So why study this region? The rocks in the Alberene quadrangle are old and record a long history that includes two episodes of mountain building and two episodes of crustal rifting. Some Appalachian geologists place a tectonic suture (the boundary between ancient tectonic plates) in the eastern Blue Ridge whereas others are more circumspect. We are going to resolve that issue.
Molly Hahn’s research is focused on understanding the geometry and timing of brittle deformation (faulting and fracturing) in the rocks of this region. We’d like to know when the rocks broke, but deciphering the fracture geometry also aids in predicting the distribution and abundance of groundwater. The Alberene quadrangle is endowed with numerous mafic rocks (dark and dense rocks loaded with iron and magnesium) whose age and tectonic origin have long been debated; Andrea Jensen’s research will determine when and how these rocks formed. Alex Johnson is mapping the contact between 1 billion year old granitic rocks (exposed in the northwest part of the area) and a sequence of younger metamorphosed sedimentary rocks- is this boundary a fault or an unconformity (if you are uncomfortable with unconformities check out-Who’s unconformable? ). Rocks in the southern part of the area are sedimentary rocks of Mesozoic age (~200 million years old) and formed in a rift basin that presaged the opening of the Atlantic Ocean- Kevin Quinlan is working to understand the structural architecture of this basin and its later reactivation.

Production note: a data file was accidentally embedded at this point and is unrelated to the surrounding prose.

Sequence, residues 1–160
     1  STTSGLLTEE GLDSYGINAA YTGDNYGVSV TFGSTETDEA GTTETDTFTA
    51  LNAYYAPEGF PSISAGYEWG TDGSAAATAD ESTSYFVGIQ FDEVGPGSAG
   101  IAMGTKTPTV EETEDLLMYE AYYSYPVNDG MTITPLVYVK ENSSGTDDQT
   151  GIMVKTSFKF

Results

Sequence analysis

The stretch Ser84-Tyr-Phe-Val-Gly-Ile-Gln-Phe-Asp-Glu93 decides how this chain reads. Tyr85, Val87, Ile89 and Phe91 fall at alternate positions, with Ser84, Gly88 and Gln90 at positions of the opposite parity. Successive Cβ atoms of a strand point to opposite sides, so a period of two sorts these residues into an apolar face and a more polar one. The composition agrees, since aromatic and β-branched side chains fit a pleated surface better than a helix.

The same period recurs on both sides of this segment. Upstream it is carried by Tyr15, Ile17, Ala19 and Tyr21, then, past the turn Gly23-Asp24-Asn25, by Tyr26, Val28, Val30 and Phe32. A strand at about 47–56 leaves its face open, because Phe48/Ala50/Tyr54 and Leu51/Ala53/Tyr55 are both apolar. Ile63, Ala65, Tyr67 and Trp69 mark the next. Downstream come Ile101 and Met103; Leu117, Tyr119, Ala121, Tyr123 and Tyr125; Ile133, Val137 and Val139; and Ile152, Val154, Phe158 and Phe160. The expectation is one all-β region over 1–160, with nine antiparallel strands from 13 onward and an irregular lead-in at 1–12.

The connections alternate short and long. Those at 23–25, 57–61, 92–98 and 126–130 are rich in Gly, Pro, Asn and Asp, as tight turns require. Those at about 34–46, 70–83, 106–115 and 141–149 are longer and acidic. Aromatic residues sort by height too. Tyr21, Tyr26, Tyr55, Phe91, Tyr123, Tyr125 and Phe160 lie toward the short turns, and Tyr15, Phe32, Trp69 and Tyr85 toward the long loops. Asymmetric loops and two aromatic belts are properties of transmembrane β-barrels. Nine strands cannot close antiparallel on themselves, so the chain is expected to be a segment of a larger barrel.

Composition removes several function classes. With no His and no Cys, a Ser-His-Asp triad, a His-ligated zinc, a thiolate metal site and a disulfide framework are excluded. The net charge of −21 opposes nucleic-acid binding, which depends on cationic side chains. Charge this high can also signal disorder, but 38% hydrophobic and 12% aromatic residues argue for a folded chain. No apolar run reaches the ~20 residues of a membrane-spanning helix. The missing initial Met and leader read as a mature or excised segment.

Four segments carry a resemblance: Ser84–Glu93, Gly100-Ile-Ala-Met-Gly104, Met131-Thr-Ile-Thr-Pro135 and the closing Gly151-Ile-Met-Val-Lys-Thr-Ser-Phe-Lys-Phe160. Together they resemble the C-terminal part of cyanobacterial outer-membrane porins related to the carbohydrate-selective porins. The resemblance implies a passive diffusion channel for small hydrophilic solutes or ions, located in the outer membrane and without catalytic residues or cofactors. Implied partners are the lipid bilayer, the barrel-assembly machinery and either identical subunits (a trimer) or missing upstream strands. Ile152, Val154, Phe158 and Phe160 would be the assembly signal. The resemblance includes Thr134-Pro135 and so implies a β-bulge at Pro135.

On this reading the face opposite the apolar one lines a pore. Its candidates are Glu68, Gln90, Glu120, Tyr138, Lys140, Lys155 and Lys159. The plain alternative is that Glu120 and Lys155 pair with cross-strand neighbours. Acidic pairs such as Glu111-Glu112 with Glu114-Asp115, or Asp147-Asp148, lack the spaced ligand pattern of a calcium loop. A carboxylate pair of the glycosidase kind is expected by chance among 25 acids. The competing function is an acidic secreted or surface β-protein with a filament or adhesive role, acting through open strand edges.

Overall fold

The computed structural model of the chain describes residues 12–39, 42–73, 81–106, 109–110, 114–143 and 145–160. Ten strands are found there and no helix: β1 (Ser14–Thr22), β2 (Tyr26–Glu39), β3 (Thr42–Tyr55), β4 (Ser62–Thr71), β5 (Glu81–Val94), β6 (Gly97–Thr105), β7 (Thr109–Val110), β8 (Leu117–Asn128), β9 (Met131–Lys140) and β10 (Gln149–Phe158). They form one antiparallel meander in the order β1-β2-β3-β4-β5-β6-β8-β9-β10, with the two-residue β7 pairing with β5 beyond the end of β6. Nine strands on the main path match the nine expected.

We leave for the green hills of the eastern Blue Ridge early on Monday morning. As the summer rolls on I’ll provide updates on the adventures, misadventures, and research discoveries of the Alberene Dream Team.
December 23, 2010 by Chuck Bailey
It took well over a week to crawl out from under the pile of 170 final exams, a ‘gift’ delivered by my Geology 110 course, but the grading is now done and the holidays are here. This quick post draws to a close the research that my structural geology seminar completed. Recall that the seminar conducted field research in the Blue Ridge Mountains of Shenandoah National Park to determine whether the contact between the underlying greenstones of the Catoctin Formation and sedimentary rocks of the Weverton Formation is conformable or unconformable. Here is a selection from our geologic maps and cross sections.
Our research indicates that the contact is unconformable and that an interval of erosion took place after the Catoctin lava flows cooled, but before the sand and gravel of the Weverton Formation was deposited. A number of different rock types are exposed at the top of the Catoctin Formation, an observation consistent with an erosional upper contact. Clasts in Weverton sandstones and conglomerates are mostly quartz and feldspar, minerals derived from the erosion of a granite, but rare clasts of Catoctin basalt do occur and indicate that erosion of the Catoctin preceded the Weverton Formation. The unconformable boundary between these geologic units may be the product of regional uplift followed by thermal subsidence as rifting waned and the ancient North American continent broke apart some 550 million years ago. I am delighted with the research conducted by this semester’s structural geology seminar; their final work was of high quality and they’ve added another piece of understanding to the geologic puzzle that is the Appalachian Mountains.